Carrie Schroeder presented the paper "How Interdisciplinarity and the Advent of Gender and Cultural Studies Have Re-invented Monastic Origins: Shenoute as Test-Case" at the Winter 2011 meeting of the American Society of Church History in Boston (January 8, 2011).
Alan Lenzi presented his paper "Advertising Secrecy, Creating Power in Ancient Mesopotamia: How Ancient Scholars Used Secrecy to Gain Social Capital" at the national meeting of the American Schools of Oriental Research in Atlanta, GA in November 2010.
Carrie Schroeder has received the United Methodist Scholar/Teacher Award for Pacific for 2010. This award recognizes outstanding faculty members for their dedication and contributions to the learning arts and their institutions. Factors for selection include demonstration of exceptional teaching, recognized concern for students and colleagues, significant contributions to scholarly life, and high professional and personal standards. "Carrie is incredibly deserving of this honor," said Dr. Thomas Krise, Dean of the College of the Pacific. "She is a dedicated teacher, prolific scholar, and energetic member of the University community." Learn more.
Carrie Schroeder delivered a lecture titled "Child Sacrifice in Early Egyptian Monasteries" at Duke University and presented the paper "The Perfect Monk: Ideals of Masculinity in the Monastery of Shenoute" at the conference "The Future of Coptic Studies" held at Wake Forest University. Both events took place in September 2010.
Dr. Tanya Storch presented her paper "Religions and Missionaries in the Pacific, 1500-1900" at the World History Association Conference in San Diego in June 2010.
Dr. Alan Lenzi had his article "Invoking the God: Interpreting Invocations in Mesopotamian Prayers and Biblical Laments of the Individual" published in Journal of Biblical Literature, vol. 129.2. He has also recently contributed the article on Erech, identified as the ancient city of Uruk in southern Iraq and mentioned in Genesis 10:10, in Encyclopedia of the Bible and Its Reception.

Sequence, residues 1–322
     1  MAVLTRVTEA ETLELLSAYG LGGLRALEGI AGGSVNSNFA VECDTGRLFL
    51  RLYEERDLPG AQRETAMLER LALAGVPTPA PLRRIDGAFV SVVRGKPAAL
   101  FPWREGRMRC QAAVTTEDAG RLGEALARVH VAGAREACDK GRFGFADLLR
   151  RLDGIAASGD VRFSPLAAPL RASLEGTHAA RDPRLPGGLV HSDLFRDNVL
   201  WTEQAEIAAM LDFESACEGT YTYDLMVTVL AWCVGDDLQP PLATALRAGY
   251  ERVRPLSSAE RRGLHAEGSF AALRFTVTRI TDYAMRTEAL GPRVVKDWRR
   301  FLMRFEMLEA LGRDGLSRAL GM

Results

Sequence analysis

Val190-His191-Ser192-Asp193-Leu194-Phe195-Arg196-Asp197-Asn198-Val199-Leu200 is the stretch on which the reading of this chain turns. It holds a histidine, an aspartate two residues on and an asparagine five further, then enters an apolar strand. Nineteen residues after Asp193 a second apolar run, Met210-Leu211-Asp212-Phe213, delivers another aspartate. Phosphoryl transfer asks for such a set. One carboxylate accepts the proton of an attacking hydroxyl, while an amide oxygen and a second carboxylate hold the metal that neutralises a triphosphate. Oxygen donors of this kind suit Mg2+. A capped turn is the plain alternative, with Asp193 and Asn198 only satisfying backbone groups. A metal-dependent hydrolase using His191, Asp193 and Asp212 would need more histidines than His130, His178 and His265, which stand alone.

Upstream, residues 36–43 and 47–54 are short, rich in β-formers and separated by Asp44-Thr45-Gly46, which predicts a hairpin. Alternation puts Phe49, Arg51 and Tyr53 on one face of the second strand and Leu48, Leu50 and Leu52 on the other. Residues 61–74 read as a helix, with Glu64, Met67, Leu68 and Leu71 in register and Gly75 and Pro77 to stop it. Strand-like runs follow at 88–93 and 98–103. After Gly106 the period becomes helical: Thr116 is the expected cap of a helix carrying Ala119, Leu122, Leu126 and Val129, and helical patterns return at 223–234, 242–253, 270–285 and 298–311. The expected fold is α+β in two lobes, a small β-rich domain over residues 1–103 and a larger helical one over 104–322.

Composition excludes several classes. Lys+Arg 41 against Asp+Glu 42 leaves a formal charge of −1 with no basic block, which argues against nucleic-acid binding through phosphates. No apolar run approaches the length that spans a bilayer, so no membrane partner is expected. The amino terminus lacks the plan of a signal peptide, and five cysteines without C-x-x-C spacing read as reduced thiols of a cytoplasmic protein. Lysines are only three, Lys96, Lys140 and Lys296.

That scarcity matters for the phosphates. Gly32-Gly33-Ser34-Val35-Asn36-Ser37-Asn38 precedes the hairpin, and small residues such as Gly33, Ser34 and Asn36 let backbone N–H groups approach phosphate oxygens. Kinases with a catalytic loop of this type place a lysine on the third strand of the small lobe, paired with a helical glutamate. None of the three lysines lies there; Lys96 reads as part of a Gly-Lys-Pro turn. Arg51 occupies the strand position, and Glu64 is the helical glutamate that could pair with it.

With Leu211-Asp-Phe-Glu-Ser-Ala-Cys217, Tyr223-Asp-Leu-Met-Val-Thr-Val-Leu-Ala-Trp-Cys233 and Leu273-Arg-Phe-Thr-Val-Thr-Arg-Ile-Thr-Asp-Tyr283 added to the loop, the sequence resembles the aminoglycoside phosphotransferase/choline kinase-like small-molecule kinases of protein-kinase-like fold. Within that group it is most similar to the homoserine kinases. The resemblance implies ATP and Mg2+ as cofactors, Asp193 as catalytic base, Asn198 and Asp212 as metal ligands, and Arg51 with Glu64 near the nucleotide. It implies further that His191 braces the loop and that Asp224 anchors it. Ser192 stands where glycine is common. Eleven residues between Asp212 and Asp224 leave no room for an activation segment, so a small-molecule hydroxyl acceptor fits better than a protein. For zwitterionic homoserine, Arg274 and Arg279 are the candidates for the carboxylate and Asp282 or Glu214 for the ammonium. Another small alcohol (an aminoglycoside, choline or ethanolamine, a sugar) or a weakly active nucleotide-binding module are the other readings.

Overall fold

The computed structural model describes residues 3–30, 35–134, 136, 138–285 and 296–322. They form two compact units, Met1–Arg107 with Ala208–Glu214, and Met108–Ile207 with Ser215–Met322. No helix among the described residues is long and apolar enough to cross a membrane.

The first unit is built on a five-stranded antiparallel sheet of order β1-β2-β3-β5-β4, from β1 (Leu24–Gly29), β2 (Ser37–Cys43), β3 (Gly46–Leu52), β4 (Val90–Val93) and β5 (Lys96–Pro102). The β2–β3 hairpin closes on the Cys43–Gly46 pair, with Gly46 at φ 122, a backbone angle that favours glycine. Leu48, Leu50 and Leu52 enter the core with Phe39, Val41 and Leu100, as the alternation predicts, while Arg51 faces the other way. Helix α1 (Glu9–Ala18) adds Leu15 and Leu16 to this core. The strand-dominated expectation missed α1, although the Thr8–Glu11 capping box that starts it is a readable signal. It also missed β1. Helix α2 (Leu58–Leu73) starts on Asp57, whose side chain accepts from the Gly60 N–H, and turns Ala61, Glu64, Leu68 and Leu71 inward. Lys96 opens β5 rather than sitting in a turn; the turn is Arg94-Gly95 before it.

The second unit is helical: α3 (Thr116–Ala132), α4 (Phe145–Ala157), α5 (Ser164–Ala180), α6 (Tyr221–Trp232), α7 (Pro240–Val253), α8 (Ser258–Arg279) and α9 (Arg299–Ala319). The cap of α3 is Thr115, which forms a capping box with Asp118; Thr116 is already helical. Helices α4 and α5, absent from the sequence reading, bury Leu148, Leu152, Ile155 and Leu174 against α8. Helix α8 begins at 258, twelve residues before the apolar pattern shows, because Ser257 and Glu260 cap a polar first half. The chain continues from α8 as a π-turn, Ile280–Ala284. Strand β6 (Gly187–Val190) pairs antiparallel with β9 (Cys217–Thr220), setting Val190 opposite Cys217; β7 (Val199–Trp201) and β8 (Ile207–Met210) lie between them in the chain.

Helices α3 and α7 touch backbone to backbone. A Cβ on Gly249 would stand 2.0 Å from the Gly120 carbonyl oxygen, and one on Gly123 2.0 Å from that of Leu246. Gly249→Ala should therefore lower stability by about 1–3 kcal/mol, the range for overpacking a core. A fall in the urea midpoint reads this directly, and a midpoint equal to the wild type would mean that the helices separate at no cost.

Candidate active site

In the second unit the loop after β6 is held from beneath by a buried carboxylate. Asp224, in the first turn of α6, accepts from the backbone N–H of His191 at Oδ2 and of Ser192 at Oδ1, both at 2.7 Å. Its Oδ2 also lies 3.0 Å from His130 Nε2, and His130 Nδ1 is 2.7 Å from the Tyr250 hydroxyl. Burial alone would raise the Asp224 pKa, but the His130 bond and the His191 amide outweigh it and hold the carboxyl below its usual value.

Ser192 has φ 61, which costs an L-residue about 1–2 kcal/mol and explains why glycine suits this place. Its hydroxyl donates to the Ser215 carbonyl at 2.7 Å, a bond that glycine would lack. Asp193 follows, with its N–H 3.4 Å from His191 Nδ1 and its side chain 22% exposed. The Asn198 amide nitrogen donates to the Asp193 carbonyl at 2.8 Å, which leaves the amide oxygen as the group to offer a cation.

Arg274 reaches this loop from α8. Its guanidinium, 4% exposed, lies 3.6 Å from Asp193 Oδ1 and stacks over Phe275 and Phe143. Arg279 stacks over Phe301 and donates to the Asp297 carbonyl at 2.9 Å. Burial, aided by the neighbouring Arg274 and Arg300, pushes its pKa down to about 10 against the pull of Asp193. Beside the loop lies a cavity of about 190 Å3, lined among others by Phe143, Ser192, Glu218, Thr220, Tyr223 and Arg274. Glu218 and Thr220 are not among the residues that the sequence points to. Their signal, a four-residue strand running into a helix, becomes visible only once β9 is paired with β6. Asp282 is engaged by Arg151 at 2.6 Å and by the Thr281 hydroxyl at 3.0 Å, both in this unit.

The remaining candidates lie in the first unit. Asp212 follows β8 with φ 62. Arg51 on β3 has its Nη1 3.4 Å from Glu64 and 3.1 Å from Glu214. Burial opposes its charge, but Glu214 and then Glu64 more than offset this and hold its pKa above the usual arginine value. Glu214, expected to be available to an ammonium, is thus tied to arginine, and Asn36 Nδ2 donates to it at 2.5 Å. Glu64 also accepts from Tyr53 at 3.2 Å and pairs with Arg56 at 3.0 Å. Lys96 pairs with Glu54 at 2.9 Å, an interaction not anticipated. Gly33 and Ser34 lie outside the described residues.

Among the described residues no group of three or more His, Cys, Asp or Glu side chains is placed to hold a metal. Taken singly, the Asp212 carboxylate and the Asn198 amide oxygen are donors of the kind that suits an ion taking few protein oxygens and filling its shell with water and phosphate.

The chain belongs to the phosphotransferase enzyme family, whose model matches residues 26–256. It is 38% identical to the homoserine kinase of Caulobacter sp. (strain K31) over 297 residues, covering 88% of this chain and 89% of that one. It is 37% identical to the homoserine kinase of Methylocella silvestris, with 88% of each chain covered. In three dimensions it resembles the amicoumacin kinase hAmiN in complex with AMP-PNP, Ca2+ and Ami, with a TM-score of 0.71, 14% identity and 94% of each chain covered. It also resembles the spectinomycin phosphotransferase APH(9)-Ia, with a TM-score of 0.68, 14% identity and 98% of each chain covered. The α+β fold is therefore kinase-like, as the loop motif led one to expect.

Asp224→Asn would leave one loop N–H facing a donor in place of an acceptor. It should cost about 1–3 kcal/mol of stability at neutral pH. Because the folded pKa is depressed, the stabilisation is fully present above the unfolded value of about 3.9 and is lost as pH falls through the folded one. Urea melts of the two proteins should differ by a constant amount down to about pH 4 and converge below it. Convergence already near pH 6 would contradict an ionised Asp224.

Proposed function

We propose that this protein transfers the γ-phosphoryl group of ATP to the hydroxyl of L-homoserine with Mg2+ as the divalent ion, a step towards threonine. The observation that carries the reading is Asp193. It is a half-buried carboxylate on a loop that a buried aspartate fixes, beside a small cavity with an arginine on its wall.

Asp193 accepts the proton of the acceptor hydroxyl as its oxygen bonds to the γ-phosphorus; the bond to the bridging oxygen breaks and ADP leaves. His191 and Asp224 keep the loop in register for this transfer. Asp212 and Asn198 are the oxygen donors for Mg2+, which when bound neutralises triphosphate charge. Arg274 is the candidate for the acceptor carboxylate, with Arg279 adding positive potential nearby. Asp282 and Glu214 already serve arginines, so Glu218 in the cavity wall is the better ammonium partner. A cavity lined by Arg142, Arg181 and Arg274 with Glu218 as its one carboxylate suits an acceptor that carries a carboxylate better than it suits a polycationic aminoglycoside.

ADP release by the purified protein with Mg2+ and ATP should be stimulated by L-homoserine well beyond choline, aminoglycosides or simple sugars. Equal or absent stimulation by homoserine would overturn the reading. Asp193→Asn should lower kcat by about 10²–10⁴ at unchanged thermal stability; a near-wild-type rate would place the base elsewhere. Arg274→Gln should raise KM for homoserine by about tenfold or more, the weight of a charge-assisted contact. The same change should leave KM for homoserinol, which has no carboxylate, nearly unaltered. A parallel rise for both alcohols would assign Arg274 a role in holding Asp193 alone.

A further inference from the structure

Dr. Lenzi had his article "The Metonic Cycle, Number Symbolism, and the Placement of Psalms 19 and 119 in the MT Psalter" published in the April 2010 issue of the Journal for the Study of the Old Testament. His book Ludlul Bel Nemeqi: The Standard Babylonian Poem of the Righteous Sufferer was published in the State Archives of Assyria Cuneiform Series. His collaborator is Amar Annus of Tartu University in Estonia. The book is a new text edition of the 480-line poem, based on 54 clay tablets and fragments.
Dr. Carrie Schroeder was selected as a winner of the distinguished Graves Award in the humanities for 2010-2011. The grant money will support research toward her book about children in fourth- and fifth-century Christian ascetic and monastic environments. The Graves Award, issued biennially, was established to reward "outstanding accomplishment in actual teaching in the humanities by younger faculty members."
Dr. Schroeder has also been elected to the board of the North American Patristics Society, a scholarly society of more than 850 members devoted to the study of early Christianity. Dr. Schroeder's article "Children in Early Egyptian Monasticism" was published in Children in Late Ancient Christianity, edited by Cornelia Horn and Robert Phenix, and published by Mohr Siebeck.
In April, Dr. Tanya Storch participated in a prose and poetry reading for the authors of the fifth volume of the Blue Moon Literary and Art Review at the John Natsoulas Art Gallery in Davis, CA. Her collection of religious spiritual poetry was published in the magazine's spring 2010 volume. She also did the Buddhist poetry translations (from the medieval Korean to Russian) for the Russian translation of the Korean novel The Nebulous Dream of the Nine being reprinted in St. Petersburg, Russia.